They always say “home is where the heart lies,” and my heart lies with Brian. As I was leaving chilly Laramie to return to sunny California, I realized I had no idea when would be the next time that I came home.
I’ve been in a melancholy mood ever since my return (and getting sick didn’t help). Perhaps my closest friends know that inside I’m a sap, but in truth, I’m not always good at adequately conveying my deepest emotions. So when Brian wrote me this letter, I asked his permission to reproduce it here… because it’s more honest and true than I could have written it.
My current goal was to get back on horrendous roads before they became un-passable again, but I would only do this once I knew you were safely at your gate with no chance of delay to your flight. If the roads became unstable, I could always find a hotel. I walked over to a place near the side of the airport where I thought I would be close to where I parked, and searched for a place to sit down. Next to a slightly askew set of televisions displaying arrivals and departures (oh good, yours was still on time), I found a bench. One seat was occupied by a man, and another was occupied by a different man’s luggage, who was found standing next to it, apparently having decided that he was okay but his baggage could use a rest. I didn’t feel like company, so I resumed my search.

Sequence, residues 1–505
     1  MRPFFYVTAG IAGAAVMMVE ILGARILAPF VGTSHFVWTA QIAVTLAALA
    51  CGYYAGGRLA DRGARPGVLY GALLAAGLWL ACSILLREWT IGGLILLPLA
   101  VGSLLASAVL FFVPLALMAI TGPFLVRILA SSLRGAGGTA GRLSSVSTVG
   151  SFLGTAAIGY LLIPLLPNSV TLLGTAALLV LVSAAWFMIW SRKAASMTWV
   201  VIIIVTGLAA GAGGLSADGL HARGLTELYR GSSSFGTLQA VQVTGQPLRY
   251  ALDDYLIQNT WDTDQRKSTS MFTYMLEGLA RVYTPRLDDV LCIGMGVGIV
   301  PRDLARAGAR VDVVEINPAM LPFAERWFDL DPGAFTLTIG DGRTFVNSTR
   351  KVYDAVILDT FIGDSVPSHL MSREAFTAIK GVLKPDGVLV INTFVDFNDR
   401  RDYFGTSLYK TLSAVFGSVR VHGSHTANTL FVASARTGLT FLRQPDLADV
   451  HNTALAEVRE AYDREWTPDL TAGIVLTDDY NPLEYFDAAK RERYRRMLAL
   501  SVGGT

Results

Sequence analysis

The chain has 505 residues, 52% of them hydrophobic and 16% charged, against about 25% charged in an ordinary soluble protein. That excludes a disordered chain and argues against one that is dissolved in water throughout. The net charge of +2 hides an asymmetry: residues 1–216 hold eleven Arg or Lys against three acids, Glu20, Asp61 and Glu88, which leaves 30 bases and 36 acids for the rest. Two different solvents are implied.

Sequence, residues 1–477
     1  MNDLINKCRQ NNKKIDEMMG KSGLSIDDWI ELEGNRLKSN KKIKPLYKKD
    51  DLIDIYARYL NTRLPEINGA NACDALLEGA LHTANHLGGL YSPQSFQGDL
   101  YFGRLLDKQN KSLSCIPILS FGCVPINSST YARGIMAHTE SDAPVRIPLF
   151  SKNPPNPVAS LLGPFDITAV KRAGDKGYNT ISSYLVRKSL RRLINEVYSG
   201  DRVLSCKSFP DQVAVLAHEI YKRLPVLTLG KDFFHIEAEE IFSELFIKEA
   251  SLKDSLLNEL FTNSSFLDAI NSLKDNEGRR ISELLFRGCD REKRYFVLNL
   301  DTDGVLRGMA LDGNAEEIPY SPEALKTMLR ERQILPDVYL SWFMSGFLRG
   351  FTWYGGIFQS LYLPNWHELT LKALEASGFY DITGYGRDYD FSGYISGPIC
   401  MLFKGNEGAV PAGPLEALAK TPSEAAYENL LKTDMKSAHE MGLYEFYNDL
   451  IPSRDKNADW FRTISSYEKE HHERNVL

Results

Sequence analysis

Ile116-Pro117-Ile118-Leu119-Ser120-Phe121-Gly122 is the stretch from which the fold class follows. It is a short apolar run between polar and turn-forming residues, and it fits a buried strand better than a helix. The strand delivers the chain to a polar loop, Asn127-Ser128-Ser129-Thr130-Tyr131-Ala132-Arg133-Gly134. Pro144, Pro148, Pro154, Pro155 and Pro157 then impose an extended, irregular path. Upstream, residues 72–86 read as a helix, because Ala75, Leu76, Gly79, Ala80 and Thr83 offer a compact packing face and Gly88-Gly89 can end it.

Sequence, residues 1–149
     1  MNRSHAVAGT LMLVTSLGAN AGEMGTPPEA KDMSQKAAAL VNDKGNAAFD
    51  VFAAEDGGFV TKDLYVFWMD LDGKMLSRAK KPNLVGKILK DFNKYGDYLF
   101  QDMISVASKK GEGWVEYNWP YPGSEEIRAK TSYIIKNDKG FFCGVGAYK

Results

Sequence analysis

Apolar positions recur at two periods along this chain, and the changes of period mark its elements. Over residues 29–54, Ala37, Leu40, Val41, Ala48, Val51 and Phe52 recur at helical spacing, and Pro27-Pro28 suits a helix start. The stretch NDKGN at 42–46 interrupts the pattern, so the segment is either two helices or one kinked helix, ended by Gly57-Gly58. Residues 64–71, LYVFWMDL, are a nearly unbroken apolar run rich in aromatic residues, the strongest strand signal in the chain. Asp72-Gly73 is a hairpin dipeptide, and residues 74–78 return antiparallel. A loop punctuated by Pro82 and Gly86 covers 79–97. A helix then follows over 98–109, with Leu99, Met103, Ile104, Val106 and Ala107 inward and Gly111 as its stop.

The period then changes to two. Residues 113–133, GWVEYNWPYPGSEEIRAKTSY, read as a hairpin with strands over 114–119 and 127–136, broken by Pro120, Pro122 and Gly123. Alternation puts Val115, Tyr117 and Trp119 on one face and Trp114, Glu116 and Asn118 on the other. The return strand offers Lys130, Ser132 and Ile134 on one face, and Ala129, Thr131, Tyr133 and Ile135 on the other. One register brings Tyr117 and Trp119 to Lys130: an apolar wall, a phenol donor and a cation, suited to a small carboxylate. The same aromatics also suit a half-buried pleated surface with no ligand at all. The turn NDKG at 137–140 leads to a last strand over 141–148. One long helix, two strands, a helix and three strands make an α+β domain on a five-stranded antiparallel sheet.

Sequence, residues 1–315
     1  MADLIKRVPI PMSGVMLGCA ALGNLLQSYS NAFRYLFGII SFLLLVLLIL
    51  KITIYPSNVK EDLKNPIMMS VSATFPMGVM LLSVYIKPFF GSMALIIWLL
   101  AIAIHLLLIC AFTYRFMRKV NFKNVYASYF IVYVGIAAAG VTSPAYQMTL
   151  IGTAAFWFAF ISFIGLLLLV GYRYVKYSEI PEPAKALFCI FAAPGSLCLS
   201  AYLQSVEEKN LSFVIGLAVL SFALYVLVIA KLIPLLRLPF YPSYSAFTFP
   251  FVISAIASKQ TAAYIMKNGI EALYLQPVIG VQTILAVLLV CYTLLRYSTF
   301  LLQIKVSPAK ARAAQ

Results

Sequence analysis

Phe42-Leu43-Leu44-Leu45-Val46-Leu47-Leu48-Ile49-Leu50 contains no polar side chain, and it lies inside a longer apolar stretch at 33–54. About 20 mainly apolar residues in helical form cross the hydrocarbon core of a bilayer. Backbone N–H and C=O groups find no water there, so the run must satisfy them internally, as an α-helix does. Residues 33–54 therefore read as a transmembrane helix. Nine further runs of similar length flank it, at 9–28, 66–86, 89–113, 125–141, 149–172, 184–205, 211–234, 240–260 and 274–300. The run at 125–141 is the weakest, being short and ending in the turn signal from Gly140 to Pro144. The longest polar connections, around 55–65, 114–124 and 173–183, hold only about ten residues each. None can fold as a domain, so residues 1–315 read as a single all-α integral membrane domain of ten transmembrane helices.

As I was about to walk by the askew television wall, I noticed why it was askew. There was another row of seats stashed behind it, facing the back of the tele-wall. I looked for a reason it could be there (is it broken? Wet?) but none could be found. Deciding that having a seat alone with a view of no one was exactly what I wanted, I went and sat down. My view was of the back of the tele-wall: black, with a stretch of particle board running up a portion of it. I looked for a reason for the particle board to be there, but could find as much of a reason for it as I could find a reason for this odd bench to be stashed here.
I had been absentmindedly checking my phone to see what time it was and to see if your plane had boarded yet, and my phone again found it’s way into my hand. It told me nothing I didn’t already expect, so I put it back. I resumed my bored examination of the particle board, idly wondering what you were doing, and hoping you managed to get a little sleep on your flight. It was then that I noticed something small on the not-quite bottom of the left side of the board.
Someone, perhaps finding themselves both here and in possession of a pencil, knowing they were out of the sight of others, had written a word. I don’t know if they expected it to be read, it being written in such a secluded area of a place where the people are always moving, or if they simply wanted to express themselves and move on as well. But they had taken the time to write it in surprisingly legible cursive.
was all it said. I read it, and found myself smiling. The tears I had kept locked up since the moment I remembered you had to leave suddenly disappeared. I can’t explain why a stranger’s single written word had affected me so profoundly, but looking at it, I knew that it was going to be all right: for me, for you, for us. I knew I could wait. It wouldn’t be any easier than it would have been before, but now I knew it would be okay. At the end of it, there would be you.